Eat Happy, Be Healthy!
Although most Americans may be weirded out by chicken feet, many cultures use chicken feet as part of their home cooking. Since feet are really high in connective tissue, they make a very gelatinous broth, more so than beef bones. If you want that jelly...then make chicken feet broth! If you are feeling a cold or flu coming on, needing extra collagen for healing after surgery or birth, or are wanting to boost your skin health, then drinking homemade bone broth can help.
Makes 8-10 servings
Time: 6-8 hours or more
2lbs chicken feet (I buy mine from Osprey Hill Farms)
1 whole onion, cut in half (keep peel on)
1/2 small celeriac root
2 carrots (cut in half)
1/2 bunch parsley
2 cloves garlic
1 thumb length ginger root
1 sprig rosemary (or 2-3 sprigs thyme)
1 bay leaf
Splash apple cider vinegar
Bring a large pot of water to a boil. Add the chicken feet to the pot and boil for 5 minutes. Strain the chicken feet and briefly rinse under cold water. Using scissors, cut the nails off at the first joint. This is done very easily, you don't need special kitchen shears for this. Meanwhile, sear the onion face side down in a skillet until browned.
Place the feet, seared onion and all the rest of the ingredients into a pot (or slow cooker) and cover with filtered water. Bring to a simmer, and reduce heat to low. Allow to very gently simmer for at least 4 hours, preferably 6-10. If using a slow cooker, put heat on low for 10 hours.
Use only what is needed from the base pot of bone broth for soups or simply for drinking. Season that separately with salt, bouillon and/or dulse flakes. Pour more fresh filtered water into the bone broth pot to replace what has been taken out. Continue to simmer. Repeat this until the broth lacks flavor. Alternatively, you can transfer all of the bone broth into glass mason jars and freeze what is not needed for immediate use.
For individuals with IBS & SIBO: If you want to make a Low FODMAP alternative simply omit the garlic and onion, and use only the green parts of the leek. Keep in mind some individuals with SIBO do not tolerate collagen rich broth. Use small amounts as tolerated.
Getting your little to eat greens can sometimes be difficult, especially early on when they do not have the pincer grasp down yet. This recipe combines two superstars broccoli and spinach carefully blended with naturally sweet onion and sweet potato to round out the slight bitterness of the greens. I love to make baby egg pancakes with this mixture. Toren absolutely loves them and is able to use his pincer grasp to eat them on his own. This way not only is he getting his veggies, but also his choline and active vitamin A from the egg yolk! Plus, for some reason Toren isn't a big fan of scrambled eggs lately, but total digs the egg pancakes (see below for instructions on making an egg pancake). Usually, Toren eats one egg pancake throughout the day.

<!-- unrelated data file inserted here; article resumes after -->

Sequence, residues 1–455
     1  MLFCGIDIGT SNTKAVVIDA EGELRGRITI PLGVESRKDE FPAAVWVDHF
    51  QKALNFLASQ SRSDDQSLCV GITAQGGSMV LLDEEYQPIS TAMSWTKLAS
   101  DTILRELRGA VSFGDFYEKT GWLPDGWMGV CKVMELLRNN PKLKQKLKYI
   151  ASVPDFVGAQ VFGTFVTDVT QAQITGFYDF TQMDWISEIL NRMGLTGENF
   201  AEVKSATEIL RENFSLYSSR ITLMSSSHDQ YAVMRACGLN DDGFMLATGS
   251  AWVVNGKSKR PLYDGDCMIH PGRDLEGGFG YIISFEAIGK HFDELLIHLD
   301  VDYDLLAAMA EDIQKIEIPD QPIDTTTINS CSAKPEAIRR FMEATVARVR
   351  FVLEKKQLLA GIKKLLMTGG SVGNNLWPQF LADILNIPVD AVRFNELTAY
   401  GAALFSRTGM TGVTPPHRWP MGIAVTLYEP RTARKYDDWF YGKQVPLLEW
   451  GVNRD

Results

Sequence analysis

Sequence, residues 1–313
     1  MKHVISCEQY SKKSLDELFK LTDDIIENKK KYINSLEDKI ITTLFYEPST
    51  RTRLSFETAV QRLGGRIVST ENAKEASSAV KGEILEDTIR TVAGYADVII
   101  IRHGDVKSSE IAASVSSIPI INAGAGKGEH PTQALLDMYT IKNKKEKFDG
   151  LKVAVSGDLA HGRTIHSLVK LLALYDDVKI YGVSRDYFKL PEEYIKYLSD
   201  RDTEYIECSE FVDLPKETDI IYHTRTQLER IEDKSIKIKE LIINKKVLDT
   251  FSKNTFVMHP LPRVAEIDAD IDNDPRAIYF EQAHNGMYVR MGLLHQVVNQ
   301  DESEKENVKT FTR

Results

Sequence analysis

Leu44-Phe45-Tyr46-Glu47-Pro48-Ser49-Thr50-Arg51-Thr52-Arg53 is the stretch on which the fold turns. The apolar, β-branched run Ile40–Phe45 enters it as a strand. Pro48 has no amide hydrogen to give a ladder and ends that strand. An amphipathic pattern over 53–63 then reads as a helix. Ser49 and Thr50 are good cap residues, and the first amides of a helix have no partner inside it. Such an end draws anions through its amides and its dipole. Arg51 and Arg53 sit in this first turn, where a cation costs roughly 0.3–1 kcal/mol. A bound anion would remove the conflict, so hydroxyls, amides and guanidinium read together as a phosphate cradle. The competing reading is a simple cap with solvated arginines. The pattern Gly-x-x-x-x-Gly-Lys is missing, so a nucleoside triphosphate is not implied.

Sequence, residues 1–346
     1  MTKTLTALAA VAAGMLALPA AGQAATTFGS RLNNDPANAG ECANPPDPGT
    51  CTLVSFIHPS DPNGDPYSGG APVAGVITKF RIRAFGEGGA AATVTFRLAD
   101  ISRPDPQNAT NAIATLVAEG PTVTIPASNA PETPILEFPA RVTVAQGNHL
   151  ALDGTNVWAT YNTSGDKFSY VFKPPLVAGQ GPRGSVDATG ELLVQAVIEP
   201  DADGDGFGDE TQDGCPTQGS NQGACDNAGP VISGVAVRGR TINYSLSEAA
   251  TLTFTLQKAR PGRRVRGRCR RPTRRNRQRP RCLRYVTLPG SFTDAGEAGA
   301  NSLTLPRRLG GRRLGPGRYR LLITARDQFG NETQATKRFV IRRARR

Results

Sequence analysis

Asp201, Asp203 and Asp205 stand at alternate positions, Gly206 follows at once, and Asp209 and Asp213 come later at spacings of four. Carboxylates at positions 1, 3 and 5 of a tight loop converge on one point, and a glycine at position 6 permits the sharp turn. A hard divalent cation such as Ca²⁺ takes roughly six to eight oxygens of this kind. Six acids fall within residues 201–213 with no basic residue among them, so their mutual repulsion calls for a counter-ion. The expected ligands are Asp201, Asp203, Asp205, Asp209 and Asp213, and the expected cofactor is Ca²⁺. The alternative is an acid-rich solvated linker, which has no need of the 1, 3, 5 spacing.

Makes 10 Servings
Time: ~ 20 minutes
1/2 sweet potato (tan/white)
1 medium onion, peeled, and cut in halves
2 cloves garlic
10 florets broccoli
1 cup packed baby spinach
2 tablespoons salted grass-fed butter
2 tablespoons Great Lakes Hydrolyzed Collagen
Peel the sweet potato and coarsely chop. Add to steamer basket along with onion, garlic. Steam for 5 minutes and add the broccoli florets. Steam for another 10 minutes or until all the veggies are fork tender.
Meanwhile steam/cook the spinach in the microwave for 1 minute or until bright green and tender. Place the potato, onion, garlic, butter and collagen into food processor and blend until smooth and creamy. Then add the broccoli and spinach and process until smooth. Add a little freshly ground pepper. Pulse to combine.
Transfer to a baby food freezer tray, cover, and freeze. Once frozen transfer to a silicone ziplock bag or glass mason jar and keep frozen.
To thaw simply remove one serving and leave in a bowl in the fridge overnight or quickly microwave for 15-30 seconds. Prior to serving make sure to test the temperature to make sure it is not too hot for baby.
Nutrition (per serving): 45kcal, 2.4g fat, 4.3g carbs, 1.2g fiber, 2.3g protein.
Baby Veggie Egg Pancake
This is a breakfast staple around our house and is great for older babies and toddlers. However, not all purees work because they have too much water. Avoid using the pre-made baby purees because the pancake will just stick and burn. Use the Broccoli Spinach Baby VEGGIE BLEND or the Apple Butternut VEGGIE BLEND for good results. Toren usually eats a couple slices of his egg pancake with a side of fruit like kiwi or berries. We refrigerate the leftovers for an easy protein throughout the day.
Makes 1 serving
Time: <5 minutes
1 cube of a VEGGIE BLEND, thawed (the Broccoli Spinach and Apple Butternut work well)
1 pasture-raised egg, beaten with a fork
Mix together the egg and the thawed single serving of a veggie blend of your choice. Meanwhile preheat a small cast iron pan over medium heat. Add a teaspoon of butter or ghee, and once hot add the egg mixture. Reduce heat to medium low, cover with a lid, and set timer for 3 minutes.
Remove lid, turn off heat, and let egg pancake sit another minute or two. Transfer to a plate, cut into slices, and serve once cooled.
Nutrition (per 1 egg pancake): 155kcal, 5g carbs, 1.2g fiber, 11.5g fat, 8.5g protein